1. Eustathius, bishop of Antioch, was deposed at the Arian Council of A.D. 331. SEE EUSTATHIUS. The orthodox people of Antioch refused to receive an Arian bishop as his successor, and. kept aloof, thereby gaining the name "Eustathians." In A.D. 360, Meletius (q.v.) was transferred by the Arians from the see of Sebaste to Antioch; but, though he adhered to the Nicene Creed, the "Eustathians" would not recognize him, as they refused to regard an Arian ordination. A moderate party, however, of the orthodox in Antioch did recognize him, and so arose. the opposition of the "Meletians" to the "Eustathians." The schism was made worse by the appointment of Paulinus (A.D. 362) as bishop of the Eustathians. The Western churches, with the Egyptian, recognized Paulinus, while the Orientals recognised Meletius. — Neander, Ch. Hist. Torrey's transl. 2:411; Guericke. Ch. Hist. Shedd's transl. § 85. SEE MELETIUS.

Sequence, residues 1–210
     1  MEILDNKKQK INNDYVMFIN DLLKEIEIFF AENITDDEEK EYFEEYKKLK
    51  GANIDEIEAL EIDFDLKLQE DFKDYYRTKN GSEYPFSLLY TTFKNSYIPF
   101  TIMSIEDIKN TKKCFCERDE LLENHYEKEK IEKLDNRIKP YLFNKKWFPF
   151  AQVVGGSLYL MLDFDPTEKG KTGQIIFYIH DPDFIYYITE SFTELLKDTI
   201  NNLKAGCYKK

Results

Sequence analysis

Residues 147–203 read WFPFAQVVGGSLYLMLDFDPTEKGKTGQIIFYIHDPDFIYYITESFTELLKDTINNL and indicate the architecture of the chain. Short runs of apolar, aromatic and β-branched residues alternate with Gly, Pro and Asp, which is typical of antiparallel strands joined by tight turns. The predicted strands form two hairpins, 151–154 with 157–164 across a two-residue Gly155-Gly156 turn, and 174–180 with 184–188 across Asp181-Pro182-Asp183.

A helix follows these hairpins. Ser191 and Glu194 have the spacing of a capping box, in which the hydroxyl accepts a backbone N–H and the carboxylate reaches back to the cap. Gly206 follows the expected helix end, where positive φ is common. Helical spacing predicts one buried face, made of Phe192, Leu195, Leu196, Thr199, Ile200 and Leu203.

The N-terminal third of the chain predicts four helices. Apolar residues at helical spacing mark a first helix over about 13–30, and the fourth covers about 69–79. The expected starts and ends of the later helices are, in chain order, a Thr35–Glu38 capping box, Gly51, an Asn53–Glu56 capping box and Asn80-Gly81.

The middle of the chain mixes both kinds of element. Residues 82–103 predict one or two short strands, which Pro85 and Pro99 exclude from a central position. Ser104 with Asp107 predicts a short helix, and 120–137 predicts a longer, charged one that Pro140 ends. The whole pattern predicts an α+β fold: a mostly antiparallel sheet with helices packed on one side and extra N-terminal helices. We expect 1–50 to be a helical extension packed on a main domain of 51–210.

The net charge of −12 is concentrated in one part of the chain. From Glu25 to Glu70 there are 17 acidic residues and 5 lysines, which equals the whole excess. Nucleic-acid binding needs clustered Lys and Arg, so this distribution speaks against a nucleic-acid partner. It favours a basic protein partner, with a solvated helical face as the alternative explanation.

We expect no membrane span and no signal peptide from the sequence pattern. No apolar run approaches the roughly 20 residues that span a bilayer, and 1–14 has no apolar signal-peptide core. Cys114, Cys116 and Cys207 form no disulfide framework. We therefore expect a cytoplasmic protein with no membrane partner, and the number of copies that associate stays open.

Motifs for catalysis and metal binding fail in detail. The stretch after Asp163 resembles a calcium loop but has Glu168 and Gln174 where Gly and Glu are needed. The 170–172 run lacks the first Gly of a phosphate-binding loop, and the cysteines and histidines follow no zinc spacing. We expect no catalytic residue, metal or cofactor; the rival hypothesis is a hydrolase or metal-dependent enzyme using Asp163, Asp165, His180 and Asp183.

2. A sect in the fourth century, which taught that married people were excluded from salvation, prohibited their followers from praying in their houses, and' obliged them to quit all their possessions as incompatible with the hope of salvation. They wore a particular habit; appointed Sunday as a fast, and taught that the ordinary fasts of the Church are needless after people have attained to a certain degree of purity. The sect probably derived its name from Eustathius semi-Arian bishop of Sebaste (t 380), who was condemned in the Council of Gangra, in Paphlagonia, held between the years 326 and 341. But it has been strongly argued on the other hand that the Eustathius who founded the sect was a different person, an Armenian monk. Walch ([Hist. d. Ketzereien, in, 536) has treated the subject at large. — Murd. Mosheim, Ch. Hist. book 2, c. 4, part 2, chapter 3, § 19, n. 39; Socrates, H.E. 2:43; Sozomen, H.E. 3:14; Neander, Ch. Hist. 2:419; Dupin, Hist. Eccl. cent. 4; Bingham, Orig. Eccl. book 22, Ch. 1, § 8. SEE EUSTATHIUS OF SEBASTE.